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O'Hara was deeply affected with the death of his gallant friend, and obedient to his last wishes (which he found contained in the little paper he had mentioned) made the necessary arrangements for his funeral.
A Serjeant of the deceased's Company arrived, and the commands of his departed Captain were communicated to him. “ Deserve the honours of a soldier! Weel does he deserve them," said the veteran. “ His fellow he has nae left behind him.” O'Hara observing, that as the Regiment was under arms on the Hill, he would procure a detachment from the Garrison of the Citadel to perform the last sad ceremony ;
“ Na, na," said the Serjeant, “gin it's necessary, they may fire over him, but nane but his ain shall gie him the last lift. Weel did we stick till him through the day, and his last biddin shall na be left undone. The company's sairly scattered, but there's in the hospital enough to carry him.”
The speaker had been a great favourite of his captain, and being beside him when he fell, O'Hara learned from him the distressing, but glorious detail. The light company in many dashing attempts had been driven back with loss. Edwards excited the admiration of the whole; he led his company to the very trenches, and when forced to retire, it was only to return with increased ardour. The colours of the supporting regiment passed frequently to fresh hands, as those who carried them were constantly marked and shot by the riflemen. The last Ensign had fallen, and Edwards seized the fatal standard—a bullet broke the staff and wounded him-he lifted them again, and rushed forward to the redoubt-a second ball struck him in the breast-he staggered to the glacis, threw the colours among the enemy, and sprang headlong over the ditch after them-his company desperately followed. The redoubt was carried with the bayonet, but the bravest of the brave was lost.
A message from Mrs. O'Hara recalled her husband from the chamber of death, and Mrs. Mahony, who conveyed the summons, and her honest Munsterman, met with feelings of undissembled pleasure; she sprang into his extended arms, while fondly pressing her to his bosom, he exclaimed, “ And Fanny, darline, did yourself ever expect to see me? We had a busy day, and, barrin a stragglin shot, I'm as fresh as a four-year-old; and may be the master hasn't got a young son-our turn's next ; but och! there lies his name-sake—but don't be afeard, may be you would not fancy to handle a corp, but a nater one never left a house feet foremost.
M‘Dermot lift me over, honey, and the wife 'will help us to lay him out. May the gun burst that kilt him, I pray Jasus !"
The speaker, still pouring out anathemas, was carried “ fornent the captain ;" and his brother soldier, obedient to his directions, removed a door from its hinges, and on it the body was extended; a sash secured it from moving, and with a quantity of laurel and other evergreen branches, which had garnished the apartment, the corse was profusely decorated; a plate filled with salt was placed on the breast, and an unequal number of candles lighted. The Irishmen looked with uncommon satisfaction at each other, when their task was completed, and Mahony addressed his coadjutor, “ M‘Dermot, isn't he nately laid out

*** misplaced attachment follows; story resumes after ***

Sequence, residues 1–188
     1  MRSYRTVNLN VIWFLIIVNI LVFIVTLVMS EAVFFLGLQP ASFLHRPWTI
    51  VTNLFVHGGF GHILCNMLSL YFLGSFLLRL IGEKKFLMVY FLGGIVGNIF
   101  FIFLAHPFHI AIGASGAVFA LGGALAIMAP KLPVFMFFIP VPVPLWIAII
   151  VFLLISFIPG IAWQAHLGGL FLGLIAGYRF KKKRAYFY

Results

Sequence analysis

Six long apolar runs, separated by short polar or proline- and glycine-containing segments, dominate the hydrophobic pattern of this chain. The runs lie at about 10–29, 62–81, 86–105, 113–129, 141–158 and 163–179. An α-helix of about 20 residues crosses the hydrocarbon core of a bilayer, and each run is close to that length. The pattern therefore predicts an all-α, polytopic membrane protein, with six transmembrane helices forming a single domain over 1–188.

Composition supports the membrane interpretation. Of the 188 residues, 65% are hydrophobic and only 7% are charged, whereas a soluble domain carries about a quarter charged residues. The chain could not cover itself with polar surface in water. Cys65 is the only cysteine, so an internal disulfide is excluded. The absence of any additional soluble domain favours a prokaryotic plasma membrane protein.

och! but his poor mother would be glad to see him. Fanny, love, you luck palish-Mac, my darline, hand her a drap of wine, for crathers in her way is always squamish; but may be, jewel, the mistress would be wanting ye; step over, and after the berril 'I'll be there too, for the master allowed we would all lie-in together—but see-there's the poor old man (God pity him) whose girl died for love of the Captain, and him gettin the grave dug; well, that's good-natured-it would melt the heart of a stone to hear him afore he died talkin about his sweetheart, but they're now snug in heaven, laughin at us for lamentin them.” .
The course of Pat's morality was suspended by the measured step of the guard of honour, who now had halted at the door. O'Hara, the officer commanding the party, and Edwards's favourite serjeant, entered, attended by a dozen of the company of the deceased : some of them had been severely wounded—those carried light torches, while the serjeant with the remainder supported the body.
The simple forms of a soldier's funeral are easily arranged, and a low roll of a muffled
drum soon announced it to be in motion. The detour to the place of interment was but short, and therefore soon accomplished ; and for the first time, and most probably for the last, a military procession passed through the little wicket. The music ceased as it entered, and the corse was silently rested on the grass.
The serjeant, with tears rolling down his hard features, made the wishes of himself and the company known to O'Hara---. The lads wanted their captain's sash and epaulets to share among them for a keepsake."
While these ornaments were removing, a strong gleam of torch-light was thrown on the body, and the face even in death looked beautiful and placid ; the features were perfectly unchanged the lip was curled as if it still smiled, while here and there its hue of deadly paleness was tinted with a few dark spots of blood. The corse, enveloped in a military cloak, was gently lowered and laid beside her who was yet “green in earth.” The mould gradually fell in, and concealed it for ever ; no prayer was read, but many a heartfelt one was uttered. The last melancholy salute was thrice repeated, and the